Adieu Europe

diceGot to be honest and say I wasn’t really watching the EU Referendum hustings that closely. Why? Well, two main reasons. Firstly I didn’t appreciate there was a serious chance we would actually vote to leave. Naive perhaps, but for me Europe has simply never been an issue. Secondly, it all felt like an internal Tory squabble (most UKIP are ex-Tories) – a squabble that has been brewing for years and needed to finally vent steam. Well, vent steam it did, and driven by the racial intolerance currently rife in our politics, the voters of the UK took the frankly mind-numbing decision to cut themselves adrift from our European neighbours.

What now? Well, that’s a good question. However, I wouldn’t waste time asking the ‘Leave’ campaign as none of them seem to know. Unlike the Scottish Independence Referendum in 2014, where there was a 670 page white paper outlining the transition, in this referendum there has been nothing but soundbites and rhetoric. On the news of a Leave vote the UK markets crashed to the point where we dropped from the 5th to the 6th biggest global economy. Hot on the heels of share values being decimated the first lie of the Leave campaign was then exposed. Leaving the EU would apparently allow an extra £350m to be spent on the NHS, each week. As it turns out that was, err, “a mistake” according to UKIP leader, Nigel Farage. Conveniently it was a mistake plastered all over battle buses, hoardings, flyers and television interviews. As I type I’ve just read that Cornwall residents (who voted 57/43 to leave) want their current EU subsidies to be matched by the UK Govt. I wish them well with that request. There will be a long queue of people wanting their lost EU income protected.

Of course, I’m Scottish and a passionate supporter of my country and it’s right to become an independent nation once again. Many people will now be asking where this result leaves that dream. The answer is probably best summed up by this post-EU Ref map.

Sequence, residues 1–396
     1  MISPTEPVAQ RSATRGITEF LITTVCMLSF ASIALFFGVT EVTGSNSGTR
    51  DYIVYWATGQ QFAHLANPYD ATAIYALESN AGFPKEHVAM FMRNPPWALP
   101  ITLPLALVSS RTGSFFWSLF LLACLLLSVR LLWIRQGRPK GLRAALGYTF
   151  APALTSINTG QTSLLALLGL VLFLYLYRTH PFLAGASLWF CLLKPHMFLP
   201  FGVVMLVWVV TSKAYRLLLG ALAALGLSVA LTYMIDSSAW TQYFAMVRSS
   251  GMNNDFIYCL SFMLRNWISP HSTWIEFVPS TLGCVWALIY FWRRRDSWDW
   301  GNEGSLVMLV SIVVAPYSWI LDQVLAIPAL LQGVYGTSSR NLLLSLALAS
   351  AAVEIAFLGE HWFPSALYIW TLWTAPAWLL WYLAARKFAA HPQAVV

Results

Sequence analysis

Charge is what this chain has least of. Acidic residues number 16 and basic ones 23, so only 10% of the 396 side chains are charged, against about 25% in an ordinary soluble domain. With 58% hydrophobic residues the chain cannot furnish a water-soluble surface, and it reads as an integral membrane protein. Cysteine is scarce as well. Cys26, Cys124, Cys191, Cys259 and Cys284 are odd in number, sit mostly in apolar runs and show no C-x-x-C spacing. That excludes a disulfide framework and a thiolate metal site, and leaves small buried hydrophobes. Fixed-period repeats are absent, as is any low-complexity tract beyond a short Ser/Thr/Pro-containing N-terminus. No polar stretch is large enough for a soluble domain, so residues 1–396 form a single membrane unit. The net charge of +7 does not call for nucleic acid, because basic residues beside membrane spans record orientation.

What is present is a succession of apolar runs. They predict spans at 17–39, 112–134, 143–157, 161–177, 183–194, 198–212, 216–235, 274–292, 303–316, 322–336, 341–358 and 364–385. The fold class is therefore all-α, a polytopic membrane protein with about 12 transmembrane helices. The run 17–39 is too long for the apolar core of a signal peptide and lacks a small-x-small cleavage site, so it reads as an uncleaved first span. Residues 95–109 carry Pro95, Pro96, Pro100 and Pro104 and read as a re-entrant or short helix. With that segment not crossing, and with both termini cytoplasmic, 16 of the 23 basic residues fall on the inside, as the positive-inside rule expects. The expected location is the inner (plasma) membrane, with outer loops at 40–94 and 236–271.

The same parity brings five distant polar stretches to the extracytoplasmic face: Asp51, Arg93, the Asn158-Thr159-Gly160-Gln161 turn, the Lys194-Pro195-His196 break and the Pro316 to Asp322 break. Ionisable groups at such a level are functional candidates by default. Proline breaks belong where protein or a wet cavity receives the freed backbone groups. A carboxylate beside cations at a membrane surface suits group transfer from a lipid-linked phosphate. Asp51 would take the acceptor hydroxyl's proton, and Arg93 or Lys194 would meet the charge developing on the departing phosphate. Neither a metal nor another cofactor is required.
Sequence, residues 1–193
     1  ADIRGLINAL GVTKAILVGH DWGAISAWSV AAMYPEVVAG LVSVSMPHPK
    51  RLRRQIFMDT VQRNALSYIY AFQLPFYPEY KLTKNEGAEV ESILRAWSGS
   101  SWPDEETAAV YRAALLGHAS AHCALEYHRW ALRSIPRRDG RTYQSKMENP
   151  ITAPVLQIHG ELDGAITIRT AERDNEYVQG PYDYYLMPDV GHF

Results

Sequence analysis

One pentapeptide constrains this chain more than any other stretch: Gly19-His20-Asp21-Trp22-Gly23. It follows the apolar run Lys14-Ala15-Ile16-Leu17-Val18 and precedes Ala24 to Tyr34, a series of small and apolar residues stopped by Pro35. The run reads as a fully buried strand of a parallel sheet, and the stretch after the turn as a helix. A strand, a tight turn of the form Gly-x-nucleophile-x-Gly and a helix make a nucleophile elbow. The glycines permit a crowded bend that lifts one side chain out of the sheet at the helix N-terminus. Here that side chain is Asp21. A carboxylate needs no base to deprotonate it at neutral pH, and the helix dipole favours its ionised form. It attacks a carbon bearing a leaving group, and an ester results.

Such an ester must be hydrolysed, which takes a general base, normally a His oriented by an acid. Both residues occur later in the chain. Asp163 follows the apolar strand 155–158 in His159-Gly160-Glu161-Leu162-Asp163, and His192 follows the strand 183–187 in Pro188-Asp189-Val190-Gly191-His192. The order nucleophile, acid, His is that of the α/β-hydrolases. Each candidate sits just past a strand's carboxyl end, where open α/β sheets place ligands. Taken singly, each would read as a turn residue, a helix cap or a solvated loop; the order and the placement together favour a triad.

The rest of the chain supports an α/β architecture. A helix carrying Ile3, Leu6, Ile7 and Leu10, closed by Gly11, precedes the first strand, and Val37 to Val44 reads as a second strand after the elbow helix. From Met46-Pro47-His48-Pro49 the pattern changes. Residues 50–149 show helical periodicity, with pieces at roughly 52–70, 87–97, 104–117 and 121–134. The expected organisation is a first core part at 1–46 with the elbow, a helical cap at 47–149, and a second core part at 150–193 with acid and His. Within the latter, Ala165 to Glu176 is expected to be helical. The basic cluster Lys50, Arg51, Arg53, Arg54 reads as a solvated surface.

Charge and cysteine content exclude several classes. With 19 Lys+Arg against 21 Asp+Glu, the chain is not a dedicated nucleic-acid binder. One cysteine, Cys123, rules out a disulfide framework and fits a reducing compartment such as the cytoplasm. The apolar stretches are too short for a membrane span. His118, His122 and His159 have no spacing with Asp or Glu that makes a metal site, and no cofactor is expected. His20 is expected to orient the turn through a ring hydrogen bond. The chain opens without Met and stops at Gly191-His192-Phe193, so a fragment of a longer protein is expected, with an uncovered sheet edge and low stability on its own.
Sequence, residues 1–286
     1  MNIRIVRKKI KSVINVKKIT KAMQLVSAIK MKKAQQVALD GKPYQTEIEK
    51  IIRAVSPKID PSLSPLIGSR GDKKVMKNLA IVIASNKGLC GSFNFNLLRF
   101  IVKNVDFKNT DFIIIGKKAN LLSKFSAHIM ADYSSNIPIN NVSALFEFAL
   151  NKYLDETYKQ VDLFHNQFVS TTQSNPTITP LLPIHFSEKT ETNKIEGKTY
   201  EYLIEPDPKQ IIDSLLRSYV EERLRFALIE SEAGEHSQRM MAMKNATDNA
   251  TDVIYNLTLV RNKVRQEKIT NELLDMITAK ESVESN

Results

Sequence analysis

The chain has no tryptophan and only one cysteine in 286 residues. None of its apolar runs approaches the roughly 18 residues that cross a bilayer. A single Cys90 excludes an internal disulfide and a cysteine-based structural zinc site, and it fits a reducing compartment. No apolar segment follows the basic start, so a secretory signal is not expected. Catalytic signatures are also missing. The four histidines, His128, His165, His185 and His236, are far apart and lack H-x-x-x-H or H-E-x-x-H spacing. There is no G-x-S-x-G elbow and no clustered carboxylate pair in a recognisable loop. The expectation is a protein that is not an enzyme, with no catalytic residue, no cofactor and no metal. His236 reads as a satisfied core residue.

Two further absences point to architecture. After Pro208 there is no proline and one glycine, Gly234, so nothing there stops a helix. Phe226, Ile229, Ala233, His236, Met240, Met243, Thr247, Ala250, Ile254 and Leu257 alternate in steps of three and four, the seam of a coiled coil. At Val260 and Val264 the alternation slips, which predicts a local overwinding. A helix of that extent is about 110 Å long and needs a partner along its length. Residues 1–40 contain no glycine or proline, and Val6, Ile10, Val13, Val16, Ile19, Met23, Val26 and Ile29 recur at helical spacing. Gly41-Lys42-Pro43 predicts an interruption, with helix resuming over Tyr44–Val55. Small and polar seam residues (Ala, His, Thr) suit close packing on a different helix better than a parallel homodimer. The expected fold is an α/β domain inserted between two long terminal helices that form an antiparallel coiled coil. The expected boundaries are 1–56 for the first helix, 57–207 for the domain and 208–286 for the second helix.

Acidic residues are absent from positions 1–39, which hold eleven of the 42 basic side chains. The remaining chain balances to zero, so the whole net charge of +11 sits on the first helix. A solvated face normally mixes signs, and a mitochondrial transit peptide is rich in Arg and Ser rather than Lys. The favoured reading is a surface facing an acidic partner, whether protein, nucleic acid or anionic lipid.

ukeu

The yellow bits voted to remain; the blue bits voted to leave. As you can see there is a rather large, unspoiled, yellow bit north of the Scotland/England border. In more detail, there are 32 council areas in Scotland. Of those 32, erm, 32 voted to ‘Remain’. Sad fact is if everyone who voted in Scotland had voted to ‘Remain’ it would have made absolutely no difference i.e. we were, as we always are, outnumbered by our fellow islanders in England and Wales. The net result is that despite an overwhelming desire to remain in the EU, Scotland is on the way out. With it will be an end to the EU funding so vital to many Scottish organisations. However, I’m sure we can expect the UK Govt to cover the shortfall, or more likely not.

Unsurprisingly this outcome has triggered talk of a second Scottish Independence referendum. First Minister, Nicola Sturgeon, made it clear during the recent Holyrood elections that only a “significant and material change” would bring “indyref2” onto the table. There can’t be much argument that being dragged out the the EU against our will more than qualifies. It looks like being an interesting year or two ahead on the UK political scene.

Thanks for reading.

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